To investigate the influence of the specimen preparation and of the experimental method on the rheological properties of polyamide.
Rheological characterisation results on polyamide melts strongly depend on sample preparation (e.g. humidity control) and on details of the experimental procedure. As a consequence, data from various laboratories do not agree. Aim of the project is to develop a widely accepted guideline for sample pre-treatment and measurement, both for rotational and capillary rheometry. These guidelines should be in particular be pertinent for industrial laboratories.
The purpose of the present investigation is to find conditions to make reproducible and comparable rheological measurements. The molecular structure of the polyamide shouldn’t change much within the time scale of these rheological experiments. The result should be a guideline or even standard method to perform rheological measurements on polyamide in the melt. These conditions for rheological measurements should be independent from processing conditions, i.e. these drying conditions may be impractical and inefficient for processing larger amounts of polyamide.
A commercial Polyamide 6 (Durethan B30S) has been distributed and the members of the task group performed rheological measurement with different type of equipment at various temperatures, resulting in (as expected) non comparable results. Measurements of the complex viscosity at different temperatures as a function of the measurement time showed, that in capillary flow the viscosity can increase or decrease, depending on the humidity content of the sample. In oscillatory flow the viscosity is always increasing with time. The effects are most pronounced at temperatures above 250°C. Above 280°C excessive foaming makes a reasonable measurement impossible.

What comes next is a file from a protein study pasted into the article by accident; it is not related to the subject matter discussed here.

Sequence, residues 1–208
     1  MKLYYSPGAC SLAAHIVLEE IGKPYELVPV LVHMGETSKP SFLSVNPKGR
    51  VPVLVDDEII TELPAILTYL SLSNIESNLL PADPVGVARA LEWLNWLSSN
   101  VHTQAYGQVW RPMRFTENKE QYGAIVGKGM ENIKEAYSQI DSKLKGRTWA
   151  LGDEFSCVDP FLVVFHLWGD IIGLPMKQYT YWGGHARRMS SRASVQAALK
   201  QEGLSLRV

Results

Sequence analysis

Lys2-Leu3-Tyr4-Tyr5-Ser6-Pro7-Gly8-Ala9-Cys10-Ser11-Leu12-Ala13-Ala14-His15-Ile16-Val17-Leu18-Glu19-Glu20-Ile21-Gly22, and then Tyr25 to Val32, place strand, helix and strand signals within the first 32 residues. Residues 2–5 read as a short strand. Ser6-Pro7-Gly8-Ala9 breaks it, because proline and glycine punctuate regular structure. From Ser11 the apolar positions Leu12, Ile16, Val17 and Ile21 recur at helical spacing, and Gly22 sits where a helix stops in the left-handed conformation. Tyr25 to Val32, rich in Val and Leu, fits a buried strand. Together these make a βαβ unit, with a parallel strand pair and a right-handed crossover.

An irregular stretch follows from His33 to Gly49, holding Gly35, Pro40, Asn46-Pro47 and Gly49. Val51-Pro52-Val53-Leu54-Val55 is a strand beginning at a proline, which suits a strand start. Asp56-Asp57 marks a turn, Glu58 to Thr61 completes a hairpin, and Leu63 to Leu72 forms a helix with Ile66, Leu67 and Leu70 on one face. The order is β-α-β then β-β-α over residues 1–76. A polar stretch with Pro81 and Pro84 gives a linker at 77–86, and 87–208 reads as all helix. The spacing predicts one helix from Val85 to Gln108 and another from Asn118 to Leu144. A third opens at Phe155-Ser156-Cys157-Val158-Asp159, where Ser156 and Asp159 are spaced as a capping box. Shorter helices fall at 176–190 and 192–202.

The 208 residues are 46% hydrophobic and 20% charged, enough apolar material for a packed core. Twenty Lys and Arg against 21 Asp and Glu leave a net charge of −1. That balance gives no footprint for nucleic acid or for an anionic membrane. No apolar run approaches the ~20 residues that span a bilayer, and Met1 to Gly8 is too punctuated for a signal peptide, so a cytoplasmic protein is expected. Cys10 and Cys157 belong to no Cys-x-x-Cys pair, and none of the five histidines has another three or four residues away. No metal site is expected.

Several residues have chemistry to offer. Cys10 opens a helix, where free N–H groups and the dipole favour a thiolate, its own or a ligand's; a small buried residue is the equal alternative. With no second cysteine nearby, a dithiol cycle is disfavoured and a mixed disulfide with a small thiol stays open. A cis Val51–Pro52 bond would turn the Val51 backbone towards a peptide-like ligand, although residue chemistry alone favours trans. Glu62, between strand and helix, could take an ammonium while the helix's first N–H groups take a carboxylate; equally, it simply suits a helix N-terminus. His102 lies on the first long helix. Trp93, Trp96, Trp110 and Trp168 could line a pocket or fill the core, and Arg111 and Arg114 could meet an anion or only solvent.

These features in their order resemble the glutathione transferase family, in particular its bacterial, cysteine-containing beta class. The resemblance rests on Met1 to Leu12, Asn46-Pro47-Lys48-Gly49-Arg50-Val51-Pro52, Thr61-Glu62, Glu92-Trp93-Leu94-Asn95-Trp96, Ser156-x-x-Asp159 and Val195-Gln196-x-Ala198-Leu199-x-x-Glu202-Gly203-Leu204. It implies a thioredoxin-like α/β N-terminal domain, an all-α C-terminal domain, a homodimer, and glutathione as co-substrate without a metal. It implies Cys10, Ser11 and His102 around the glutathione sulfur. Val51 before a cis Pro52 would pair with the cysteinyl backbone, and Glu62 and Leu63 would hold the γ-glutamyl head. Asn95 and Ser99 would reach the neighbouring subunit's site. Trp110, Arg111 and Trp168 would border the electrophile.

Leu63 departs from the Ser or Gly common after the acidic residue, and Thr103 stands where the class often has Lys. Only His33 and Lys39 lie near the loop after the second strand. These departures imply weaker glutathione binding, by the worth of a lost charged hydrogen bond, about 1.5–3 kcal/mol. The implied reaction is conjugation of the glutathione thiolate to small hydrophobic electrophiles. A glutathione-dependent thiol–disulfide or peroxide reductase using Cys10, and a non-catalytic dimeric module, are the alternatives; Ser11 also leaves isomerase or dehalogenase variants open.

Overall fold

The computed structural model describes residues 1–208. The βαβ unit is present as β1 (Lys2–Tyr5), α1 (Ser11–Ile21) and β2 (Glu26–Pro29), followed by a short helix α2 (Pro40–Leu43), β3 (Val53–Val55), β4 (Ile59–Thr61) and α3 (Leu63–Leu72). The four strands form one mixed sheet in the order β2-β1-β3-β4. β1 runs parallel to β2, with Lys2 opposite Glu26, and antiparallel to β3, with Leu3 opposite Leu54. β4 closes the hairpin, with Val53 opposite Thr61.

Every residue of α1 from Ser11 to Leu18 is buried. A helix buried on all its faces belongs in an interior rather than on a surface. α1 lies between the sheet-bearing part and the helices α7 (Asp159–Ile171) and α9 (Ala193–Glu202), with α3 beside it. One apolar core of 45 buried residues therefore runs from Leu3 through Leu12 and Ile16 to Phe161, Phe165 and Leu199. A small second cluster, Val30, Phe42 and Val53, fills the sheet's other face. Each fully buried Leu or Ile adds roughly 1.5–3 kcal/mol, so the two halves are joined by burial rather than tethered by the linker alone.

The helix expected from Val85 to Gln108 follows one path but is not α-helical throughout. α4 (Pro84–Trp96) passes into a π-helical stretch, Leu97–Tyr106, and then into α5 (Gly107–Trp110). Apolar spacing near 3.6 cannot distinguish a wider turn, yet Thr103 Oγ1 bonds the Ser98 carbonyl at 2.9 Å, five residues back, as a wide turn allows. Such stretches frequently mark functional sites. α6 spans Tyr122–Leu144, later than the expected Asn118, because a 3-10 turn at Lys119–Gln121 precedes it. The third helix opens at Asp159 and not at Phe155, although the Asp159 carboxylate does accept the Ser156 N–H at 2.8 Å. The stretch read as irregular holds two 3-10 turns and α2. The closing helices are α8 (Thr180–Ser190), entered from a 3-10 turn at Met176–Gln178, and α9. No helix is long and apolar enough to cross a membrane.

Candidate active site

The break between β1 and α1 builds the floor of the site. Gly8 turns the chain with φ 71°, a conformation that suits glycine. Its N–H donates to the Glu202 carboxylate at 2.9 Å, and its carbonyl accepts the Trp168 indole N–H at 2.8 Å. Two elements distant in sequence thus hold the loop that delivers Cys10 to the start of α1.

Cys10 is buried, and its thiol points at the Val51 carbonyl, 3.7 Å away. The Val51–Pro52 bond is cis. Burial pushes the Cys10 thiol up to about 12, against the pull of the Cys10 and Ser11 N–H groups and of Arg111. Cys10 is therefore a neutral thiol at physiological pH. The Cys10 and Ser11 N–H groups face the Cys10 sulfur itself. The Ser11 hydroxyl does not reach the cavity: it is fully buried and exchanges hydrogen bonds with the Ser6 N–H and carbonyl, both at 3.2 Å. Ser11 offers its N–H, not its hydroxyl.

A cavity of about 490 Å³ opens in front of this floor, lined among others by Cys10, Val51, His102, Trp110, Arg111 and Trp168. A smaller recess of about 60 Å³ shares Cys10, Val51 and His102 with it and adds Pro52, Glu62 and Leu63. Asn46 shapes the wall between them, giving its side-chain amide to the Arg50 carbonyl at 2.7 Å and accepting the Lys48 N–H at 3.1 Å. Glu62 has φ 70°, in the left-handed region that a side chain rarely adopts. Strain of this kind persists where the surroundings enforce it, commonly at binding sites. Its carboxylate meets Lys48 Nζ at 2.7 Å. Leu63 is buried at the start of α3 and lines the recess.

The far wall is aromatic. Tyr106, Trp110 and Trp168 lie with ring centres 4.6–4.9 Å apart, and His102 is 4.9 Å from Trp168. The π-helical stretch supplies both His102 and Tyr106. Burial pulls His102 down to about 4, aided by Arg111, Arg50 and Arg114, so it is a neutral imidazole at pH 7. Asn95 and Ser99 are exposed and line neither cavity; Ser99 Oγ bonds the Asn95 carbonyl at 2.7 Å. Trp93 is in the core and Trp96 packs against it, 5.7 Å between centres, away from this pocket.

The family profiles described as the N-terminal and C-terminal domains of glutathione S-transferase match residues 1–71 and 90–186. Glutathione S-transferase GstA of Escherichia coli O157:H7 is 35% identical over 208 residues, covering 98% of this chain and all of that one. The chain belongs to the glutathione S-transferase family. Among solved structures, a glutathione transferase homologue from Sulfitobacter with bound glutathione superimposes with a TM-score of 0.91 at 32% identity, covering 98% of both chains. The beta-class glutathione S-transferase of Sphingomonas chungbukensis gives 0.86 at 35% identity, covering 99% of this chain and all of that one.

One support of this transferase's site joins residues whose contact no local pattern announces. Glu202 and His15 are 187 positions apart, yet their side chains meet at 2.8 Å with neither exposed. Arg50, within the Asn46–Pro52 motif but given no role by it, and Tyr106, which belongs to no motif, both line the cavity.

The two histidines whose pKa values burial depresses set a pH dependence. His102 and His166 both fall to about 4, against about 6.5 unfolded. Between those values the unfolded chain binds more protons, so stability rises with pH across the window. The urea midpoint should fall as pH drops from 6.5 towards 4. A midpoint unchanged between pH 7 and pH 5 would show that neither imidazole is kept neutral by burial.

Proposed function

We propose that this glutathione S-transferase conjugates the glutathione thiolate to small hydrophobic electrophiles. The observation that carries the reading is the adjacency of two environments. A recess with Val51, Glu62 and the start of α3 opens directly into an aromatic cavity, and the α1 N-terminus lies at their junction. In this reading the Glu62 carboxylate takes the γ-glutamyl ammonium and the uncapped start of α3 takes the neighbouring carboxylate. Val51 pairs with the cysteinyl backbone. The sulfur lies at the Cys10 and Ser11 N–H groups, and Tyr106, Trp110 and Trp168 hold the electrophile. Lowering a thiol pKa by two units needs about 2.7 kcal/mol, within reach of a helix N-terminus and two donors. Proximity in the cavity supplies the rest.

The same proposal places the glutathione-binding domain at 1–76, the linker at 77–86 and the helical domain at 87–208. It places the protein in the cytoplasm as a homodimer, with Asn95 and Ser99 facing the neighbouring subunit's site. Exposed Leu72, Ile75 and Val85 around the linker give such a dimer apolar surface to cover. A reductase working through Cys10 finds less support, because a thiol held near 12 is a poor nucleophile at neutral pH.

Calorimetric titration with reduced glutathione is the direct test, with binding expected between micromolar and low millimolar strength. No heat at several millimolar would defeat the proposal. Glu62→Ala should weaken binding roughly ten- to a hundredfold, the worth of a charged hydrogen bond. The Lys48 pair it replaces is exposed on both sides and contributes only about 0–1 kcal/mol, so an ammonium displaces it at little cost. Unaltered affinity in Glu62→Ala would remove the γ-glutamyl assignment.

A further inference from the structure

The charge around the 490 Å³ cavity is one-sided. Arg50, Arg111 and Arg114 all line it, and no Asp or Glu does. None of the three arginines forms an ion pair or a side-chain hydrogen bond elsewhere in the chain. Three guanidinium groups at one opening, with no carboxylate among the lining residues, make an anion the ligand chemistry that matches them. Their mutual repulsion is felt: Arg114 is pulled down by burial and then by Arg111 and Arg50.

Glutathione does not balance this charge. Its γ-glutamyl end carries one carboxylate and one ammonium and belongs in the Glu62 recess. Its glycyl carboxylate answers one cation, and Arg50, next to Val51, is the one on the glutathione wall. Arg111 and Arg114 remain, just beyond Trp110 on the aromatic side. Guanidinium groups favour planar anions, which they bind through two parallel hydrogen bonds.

Experiments on controlled predried samples showed, that it is very difficult to achieve exactly the same amount of humidity in the samples at every participating laboratory. The same drying time in different types of ovens yielded different humidity values. Even the exact procedure how to measure the water content was found not to be straightforward too and we didn’t want to come up with a guideline with predescribed type of oven and Karl-Fischer-equipment.
Oscillatory experiments on relatively good dried samples gave very reproducible results if the measured parameters were extrapolated to measurement zero. As described above, the viscosity is increasing with measurement time. A procedure was developed to measure several frequency sweeps at different times (e.g. after 5, 10 20 minutes) and the values of storage and loss modulus at each frequency was extrapolated to measurement time zero. Samples with different drying times were found to yield the same rheological behaviour at this extrapolated time.
The same extrapolation method is now being explored for other kinds of equipment (e.g. capillary rheometers)
> see also <www.iupac.org/divisions/IV/IV.2.1> for more recent updates
Feb 2009 - Project completed – IUPAC Report published in Pure Appl. Chem., 2009, Vol. 81, No. 2, pp. 339-349